A Murder of Magpies by Judith Flanders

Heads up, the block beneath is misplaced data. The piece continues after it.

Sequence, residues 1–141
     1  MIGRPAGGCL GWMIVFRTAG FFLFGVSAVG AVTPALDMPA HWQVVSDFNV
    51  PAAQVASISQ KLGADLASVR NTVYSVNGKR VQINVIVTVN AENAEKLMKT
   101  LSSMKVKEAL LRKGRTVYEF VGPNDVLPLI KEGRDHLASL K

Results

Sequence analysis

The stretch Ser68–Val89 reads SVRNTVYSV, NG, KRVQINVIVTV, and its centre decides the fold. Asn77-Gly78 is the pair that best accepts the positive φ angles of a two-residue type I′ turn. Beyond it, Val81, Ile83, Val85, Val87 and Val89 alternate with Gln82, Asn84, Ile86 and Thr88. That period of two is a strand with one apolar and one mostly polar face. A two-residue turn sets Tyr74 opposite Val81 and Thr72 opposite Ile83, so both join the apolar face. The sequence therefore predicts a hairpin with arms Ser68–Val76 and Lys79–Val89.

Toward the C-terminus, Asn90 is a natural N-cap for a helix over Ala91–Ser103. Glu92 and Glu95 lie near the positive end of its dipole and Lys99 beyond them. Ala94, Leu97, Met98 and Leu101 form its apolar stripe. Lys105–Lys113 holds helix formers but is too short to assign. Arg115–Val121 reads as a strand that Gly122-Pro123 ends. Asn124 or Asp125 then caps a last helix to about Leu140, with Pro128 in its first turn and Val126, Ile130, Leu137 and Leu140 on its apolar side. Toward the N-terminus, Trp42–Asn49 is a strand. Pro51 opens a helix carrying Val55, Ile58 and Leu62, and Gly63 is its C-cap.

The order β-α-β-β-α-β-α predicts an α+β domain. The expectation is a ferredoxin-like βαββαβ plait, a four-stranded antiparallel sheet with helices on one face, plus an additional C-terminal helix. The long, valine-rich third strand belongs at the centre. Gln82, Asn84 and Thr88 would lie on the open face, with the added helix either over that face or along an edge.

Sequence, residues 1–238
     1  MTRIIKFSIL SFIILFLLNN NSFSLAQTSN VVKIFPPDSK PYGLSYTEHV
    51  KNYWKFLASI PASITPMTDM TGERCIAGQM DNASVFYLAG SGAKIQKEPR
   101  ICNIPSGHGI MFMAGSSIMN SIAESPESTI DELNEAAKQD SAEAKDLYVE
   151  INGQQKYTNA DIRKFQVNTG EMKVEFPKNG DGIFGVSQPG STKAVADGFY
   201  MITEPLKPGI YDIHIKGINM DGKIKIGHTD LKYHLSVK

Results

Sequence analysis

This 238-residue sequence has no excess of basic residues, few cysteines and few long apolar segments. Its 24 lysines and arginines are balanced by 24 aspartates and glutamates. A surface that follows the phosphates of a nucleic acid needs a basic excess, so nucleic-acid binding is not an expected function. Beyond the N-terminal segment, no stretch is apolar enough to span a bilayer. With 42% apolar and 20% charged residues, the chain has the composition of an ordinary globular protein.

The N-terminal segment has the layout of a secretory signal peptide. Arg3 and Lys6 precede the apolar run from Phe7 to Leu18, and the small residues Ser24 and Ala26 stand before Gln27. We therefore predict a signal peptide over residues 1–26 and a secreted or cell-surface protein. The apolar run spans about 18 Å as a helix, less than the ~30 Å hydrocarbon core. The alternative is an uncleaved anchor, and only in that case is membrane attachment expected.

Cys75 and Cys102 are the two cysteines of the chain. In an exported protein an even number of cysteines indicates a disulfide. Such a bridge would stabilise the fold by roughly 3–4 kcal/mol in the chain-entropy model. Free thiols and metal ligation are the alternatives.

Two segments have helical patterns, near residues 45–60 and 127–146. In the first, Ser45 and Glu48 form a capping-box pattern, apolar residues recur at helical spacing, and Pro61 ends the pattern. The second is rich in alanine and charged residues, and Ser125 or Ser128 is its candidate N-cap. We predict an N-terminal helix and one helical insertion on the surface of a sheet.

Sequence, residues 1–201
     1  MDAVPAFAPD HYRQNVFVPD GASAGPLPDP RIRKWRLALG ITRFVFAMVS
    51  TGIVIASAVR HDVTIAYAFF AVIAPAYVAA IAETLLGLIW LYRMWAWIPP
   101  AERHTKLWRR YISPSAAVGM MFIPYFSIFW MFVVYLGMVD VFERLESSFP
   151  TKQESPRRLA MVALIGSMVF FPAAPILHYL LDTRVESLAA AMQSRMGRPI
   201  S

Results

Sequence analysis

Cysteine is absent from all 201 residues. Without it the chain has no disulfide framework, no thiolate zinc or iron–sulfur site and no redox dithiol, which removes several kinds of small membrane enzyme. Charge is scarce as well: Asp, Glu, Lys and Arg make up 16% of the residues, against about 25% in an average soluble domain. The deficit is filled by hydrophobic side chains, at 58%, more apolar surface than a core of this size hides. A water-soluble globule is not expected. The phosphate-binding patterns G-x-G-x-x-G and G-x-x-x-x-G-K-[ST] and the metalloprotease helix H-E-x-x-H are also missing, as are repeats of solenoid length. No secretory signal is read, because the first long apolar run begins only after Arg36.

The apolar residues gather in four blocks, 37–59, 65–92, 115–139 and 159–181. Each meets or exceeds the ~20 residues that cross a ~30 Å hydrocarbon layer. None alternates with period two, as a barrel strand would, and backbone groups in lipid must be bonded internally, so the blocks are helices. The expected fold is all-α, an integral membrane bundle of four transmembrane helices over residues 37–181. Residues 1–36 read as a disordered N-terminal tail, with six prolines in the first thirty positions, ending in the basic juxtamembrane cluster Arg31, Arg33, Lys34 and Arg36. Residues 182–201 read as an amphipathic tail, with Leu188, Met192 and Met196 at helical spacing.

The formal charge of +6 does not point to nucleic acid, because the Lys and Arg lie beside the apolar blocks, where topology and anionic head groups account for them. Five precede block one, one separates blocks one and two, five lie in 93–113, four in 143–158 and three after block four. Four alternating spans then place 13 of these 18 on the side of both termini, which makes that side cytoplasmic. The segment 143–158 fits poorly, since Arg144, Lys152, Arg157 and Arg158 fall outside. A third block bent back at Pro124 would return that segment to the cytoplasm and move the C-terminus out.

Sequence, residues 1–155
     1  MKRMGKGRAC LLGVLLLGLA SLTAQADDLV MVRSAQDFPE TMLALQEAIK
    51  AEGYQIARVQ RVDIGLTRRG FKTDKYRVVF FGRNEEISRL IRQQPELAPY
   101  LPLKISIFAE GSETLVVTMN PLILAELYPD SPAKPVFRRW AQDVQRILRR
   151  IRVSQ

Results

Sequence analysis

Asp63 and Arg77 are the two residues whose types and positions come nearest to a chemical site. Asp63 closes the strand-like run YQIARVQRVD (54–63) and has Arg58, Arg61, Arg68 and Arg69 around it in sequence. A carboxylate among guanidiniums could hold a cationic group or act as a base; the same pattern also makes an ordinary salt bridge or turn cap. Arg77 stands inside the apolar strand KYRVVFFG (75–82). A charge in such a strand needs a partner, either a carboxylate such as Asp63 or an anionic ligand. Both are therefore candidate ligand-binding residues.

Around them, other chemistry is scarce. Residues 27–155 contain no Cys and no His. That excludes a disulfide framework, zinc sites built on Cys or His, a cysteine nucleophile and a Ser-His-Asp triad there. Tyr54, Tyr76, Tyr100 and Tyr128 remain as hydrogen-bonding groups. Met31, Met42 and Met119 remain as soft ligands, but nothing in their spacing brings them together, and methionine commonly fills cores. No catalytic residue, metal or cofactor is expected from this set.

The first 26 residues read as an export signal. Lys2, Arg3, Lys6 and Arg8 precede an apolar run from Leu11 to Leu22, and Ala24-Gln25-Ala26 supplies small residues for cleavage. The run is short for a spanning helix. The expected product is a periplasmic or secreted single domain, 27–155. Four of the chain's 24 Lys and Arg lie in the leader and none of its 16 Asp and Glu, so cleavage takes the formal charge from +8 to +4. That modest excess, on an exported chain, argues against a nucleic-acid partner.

Sam Clair, 40, is a book editor for Timmins and Ross in London. She lives alone, and likes it. Sam dislikes the frequent meetings with the other editors, and edits mostly women’s fiction. When her star author delivers a very different book than expected and a police inspector interviews her about a missed delivery, life gets more interesting. A break-in at her flat leads to an acquaintance with her reclusive upstairs neighbor, and increased attention from the attractive inspector, Jake Fields. Even Sam’s mother, Helena, a solicitor, gets involved when Sam’s author and friend Kit Lovell goes missing. Kit has just sent Sam his new manuscript, a tell-all about a fashion icon’s death that may be libelous. A fascinating look at the world of London book publishing, where Sam has both too much work and too many parties to attend, and hopes that her newest assistant, Miranda, might stay for longer than a couple of months. A cozy mystery with humor and a touch of romance, I enjoyed the fast pace and the lack of predictability. This is the first novel from a former book editor who writes articles about the arts and books about Victorian life.